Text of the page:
Civic Space

Civic space is the bedrock of any open and democratic society. When civic space is open, citizens and civil society organisations are able to organise, participate and communicate without hindrance. In doing so, they are able to claim their rights and influence the political and social structures around them. This can only happen when a state holds by its duty to protect its citizens and respects and facilitates their fundamental rights to associate, assemble peacefully and freely express views and opinions. These are the three key rights that civil society depends upon. The CIVICUS Monitor analyses the extent to which the three civil society rights are being respected and upheld, and the degree to which states are protecting civil society.

CIVICUS understands that many other factors influence civil society's success. These include civil society's levels of funding, the availability and quality of channels for dialogue with governments, and the strength of public trust in civil society organisations, factors that CIVICUS analyses in other aspects of our work. However, the CIVICUS Monitor’s working understanding of civic space is kept intentionally narrow, focusing on the basic elements that can form a basis for civil society advocacy.


The right to the freedom of association is the right of any citizen to join a formal or informal group to take collective action. This right includes the right to form a new group and join an existing group. Associations can include civil society organisations, clubs, cooperatives, non-governmental organisations, religious associations, political parties, trade unions, foundations and online associations, as well as less defined and new forms of groups such as social movements. There is no requirement that the association be registered in order for the right of the freedom of association to apply. Under the right to the freedom of association, groups have the right to access funding and resources.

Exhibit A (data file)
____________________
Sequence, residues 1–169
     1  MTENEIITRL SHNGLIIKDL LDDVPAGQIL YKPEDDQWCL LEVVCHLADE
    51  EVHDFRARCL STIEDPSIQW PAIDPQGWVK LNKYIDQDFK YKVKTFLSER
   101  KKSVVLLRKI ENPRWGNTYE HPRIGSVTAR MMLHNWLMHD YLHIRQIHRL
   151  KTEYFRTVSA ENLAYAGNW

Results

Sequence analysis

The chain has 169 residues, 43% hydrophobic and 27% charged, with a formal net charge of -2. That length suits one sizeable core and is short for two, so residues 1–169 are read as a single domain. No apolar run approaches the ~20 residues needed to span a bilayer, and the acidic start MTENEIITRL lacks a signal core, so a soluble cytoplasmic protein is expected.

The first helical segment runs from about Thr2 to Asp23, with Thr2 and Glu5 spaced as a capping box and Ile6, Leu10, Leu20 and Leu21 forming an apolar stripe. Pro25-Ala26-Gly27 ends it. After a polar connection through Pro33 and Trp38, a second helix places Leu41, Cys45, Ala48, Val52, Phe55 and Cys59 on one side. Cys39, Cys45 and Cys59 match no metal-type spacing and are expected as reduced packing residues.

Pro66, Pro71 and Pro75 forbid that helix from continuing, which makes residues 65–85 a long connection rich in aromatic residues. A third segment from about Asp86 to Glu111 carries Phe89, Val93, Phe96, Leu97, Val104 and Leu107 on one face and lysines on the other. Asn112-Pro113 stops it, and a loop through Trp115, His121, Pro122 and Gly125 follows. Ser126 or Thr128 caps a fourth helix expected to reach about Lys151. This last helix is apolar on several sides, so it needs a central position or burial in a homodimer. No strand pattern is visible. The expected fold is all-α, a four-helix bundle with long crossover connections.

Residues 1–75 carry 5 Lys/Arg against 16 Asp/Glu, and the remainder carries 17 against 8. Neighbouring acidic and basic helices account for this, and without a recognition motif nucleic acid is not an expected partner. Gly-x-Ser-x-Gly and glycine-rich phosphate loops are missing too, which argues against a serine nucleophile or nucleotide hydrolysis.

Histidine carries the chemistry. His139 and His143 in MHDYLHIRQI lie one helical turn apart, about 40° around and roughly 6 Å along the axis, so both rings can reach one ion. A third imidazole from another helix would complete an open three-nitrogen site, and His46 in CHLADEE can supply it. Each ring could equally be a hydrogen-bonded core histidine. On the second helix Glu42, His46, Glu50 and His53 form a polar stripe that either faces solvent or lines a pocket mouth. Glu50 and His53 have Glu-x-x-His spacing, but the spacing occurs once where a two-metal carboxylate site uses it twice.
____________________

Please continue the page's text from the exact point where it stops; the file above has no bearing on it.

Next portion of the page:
For more on the right to the freedom of association, see the website of the current UN Special Rapporteur on the rights to freedom of peaceful assembly and of association, and the website of the former Special Rapporteur.

Peaceful Assembly

The right to the freedom of peaceful assembly is the right of citizens to gather publicly or privately and collectively express, promote, pursue and defend common interests. This right includes the right to participate in peaceful assemblies, meetings, protests, strikes, sit-ins, demonstrations and other temporary gatherings for a specific purpose. States not only have an obligation to protect peaceful assemblies, but should also take measures to facilitate them.

For more on the right to the freedom of association, see the website of the current UN Special Rapporteur on the rights to freedom of peaceful assembly and of association, and the website of the former Special Rapporteur.


The right to the freedom of expression includes the right to access information, critically evaluate and speak out against the policies and actions of state and non-state actors, and publicly draw attention to and carry out advocacy actions to promote shared concerns, without fear of retribution from any quarter. Civil society organisations should be assured the freedom to carry out investigations and document their findings under this right.

For more on the right to the freedom of expression, see the website of the UN Special Rapporteur for freedom of expression and opinion.

The state's duty to protect civil society

Built into each of the three core freedoms is the understanding that a state must go beyond simply refraining from interfering in citizens' enjoyment of their rights. The state must actively take steps to protect people who choose to associate, peacefully assemble and express themselves. When the state actively protects rights, civil society organisations can pursue peaceful causes and express themselves without fear of retribution, while demonstrators are protected during public gatherings. The state's duty to protect also means that, when rights are violated, there should be thorough police investigations and legal proceedings. When such steps are not taken, impunity for those who attack civil society prevails.